The ocean’s rhythm beats against bodies; the force of water and wind thumps like a liquid heartbeat. Wave upon wave, the surfers of Tofino’s Cox Bay face the water, interpreting the ocean’s language for signals in the swells. As each wave approaches, the surfers ready themselves, lying on their boards and facing away from the oncoming tide. On instinct, they start paddling as the wave picks them up and, for a moment, the sea and surfer flow as one.
The origin of surfing itself is unknown, but most view the sport as deeply entrenched in ancient Polynesian culture, which saw surfing—the dance of man upon water—as an art and a way of life. When they first observed surfing in Tahiti, European colonizers described it as “the most supreme pleasure.” It’s even thought that this pleasure inspired Thomas Jefferson to include the pursuit of happiness as an inalienable right in the Declaration of Independence.
It seems unusual to think of a place like Tofino, the little town at the very edge of Vancouver Island in the Pacific Northwest, as a surfing paradise. But the combination of a moderate climate, expansive beaches, and consistent waves have earned Tofino the title of Canada’s surf capital. One of the best guaranteed spots for a good surf is Cox Bay, where the beach is shaped in a perfect U and flanked by lush rainforest on either side.
“If you wanted to, you could surf here every day,” says Markus McRurie, marketing and guest services manager at the Pacific Sands beach resort, which opens up directly onto Cox Bay. “I’ve had surfers from all over the world come here, and they’re bewildered that we get waves every day. A lot of places that you surf, you’ll have the [peak] season in October to March, but in June to August, it’s actually flat like a lake. So it’s really cool that Canadian surfers get to surf every day.”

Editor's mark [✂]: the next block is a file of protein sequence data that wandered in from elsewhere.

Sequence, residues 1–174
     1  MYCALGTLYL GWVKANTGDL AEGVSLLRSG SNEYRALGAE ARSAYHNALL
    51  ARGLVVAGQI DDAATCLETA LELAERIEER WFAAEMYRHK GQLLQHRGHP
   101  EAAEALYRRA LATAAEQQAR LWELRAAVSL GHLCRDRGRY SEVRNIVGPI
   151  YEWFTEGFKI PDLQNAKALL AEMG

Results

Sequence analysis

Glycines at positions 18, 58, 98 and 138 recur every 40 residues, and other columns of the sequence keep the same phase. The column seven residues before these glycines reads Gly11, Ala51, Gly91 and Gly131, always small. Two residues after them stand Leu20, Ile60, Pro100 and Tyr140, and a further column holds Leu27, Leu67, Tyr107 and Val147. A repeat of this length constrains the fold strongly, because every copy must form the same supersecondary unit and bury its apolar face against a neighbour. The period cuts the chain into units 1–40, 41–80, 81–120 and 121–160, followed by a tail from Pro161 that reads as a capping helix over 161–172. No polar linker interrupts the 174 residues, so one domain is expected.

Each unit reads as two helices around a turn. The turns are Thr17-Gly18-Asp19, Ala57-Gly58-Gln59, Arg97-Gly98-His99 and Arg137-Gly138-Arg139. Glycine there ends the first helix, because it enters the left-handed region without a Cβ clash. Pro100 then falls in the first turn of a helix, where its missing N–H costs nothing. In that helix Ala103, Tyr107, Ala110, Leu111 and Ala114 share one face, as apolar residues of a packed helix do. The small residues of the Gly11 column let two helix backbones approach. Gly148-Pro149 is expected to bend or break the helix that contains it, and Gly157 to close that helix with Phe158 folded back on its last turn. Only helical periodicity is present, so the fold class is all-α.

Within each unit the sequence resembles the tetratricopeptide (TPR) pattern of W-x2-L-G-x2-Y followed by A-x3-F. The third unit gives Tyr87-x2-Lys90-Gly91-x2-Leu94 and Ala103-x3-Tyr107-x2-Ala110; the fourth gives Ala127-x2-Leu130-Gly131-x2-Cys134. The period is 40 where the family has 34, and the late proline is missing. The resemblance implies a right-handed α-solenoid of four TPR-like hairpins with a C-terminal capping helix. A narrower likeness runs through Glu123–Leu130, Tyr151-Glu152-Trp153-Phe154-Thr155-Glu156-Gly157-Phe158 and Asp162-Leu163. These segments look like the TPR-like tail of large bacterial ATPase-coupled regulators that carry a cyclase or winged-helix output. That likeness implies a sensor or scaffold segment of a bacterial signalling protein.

Since the ’70s, Pacific Sands has been a choice of stay for surfers who can, quite literally, roll out of bed and into the waves. Once a seaside motel, the resort has transformed into an all-suite retreat. In 2018, it constructed the oceanfront suites—rooms specifically catering to visiting surfers, with direct access to all 2,500 feet of Cox Bay’s oceanfront. And four years ago, it opened a little surf shack operated by Surf Sister, Tofino’s famous women-run surf school and beacon of the town’s female-forward surf scene.
Perhaps the most striking aspect of Tofino’s unique surf culture is that, compared to the rest of the world, women are thriving in it. In a relatively male-dominated sport globally, any given day on a Tofino beach would see just as many women surfers as men. It’s not just the mere existence of plenty of female surfers in Tofino that’s exceptional, it’s that there is a palpable culture of empowered and empowering women encouraging each other to excel in the sport. These women are good at what they do—and they’re only getting better.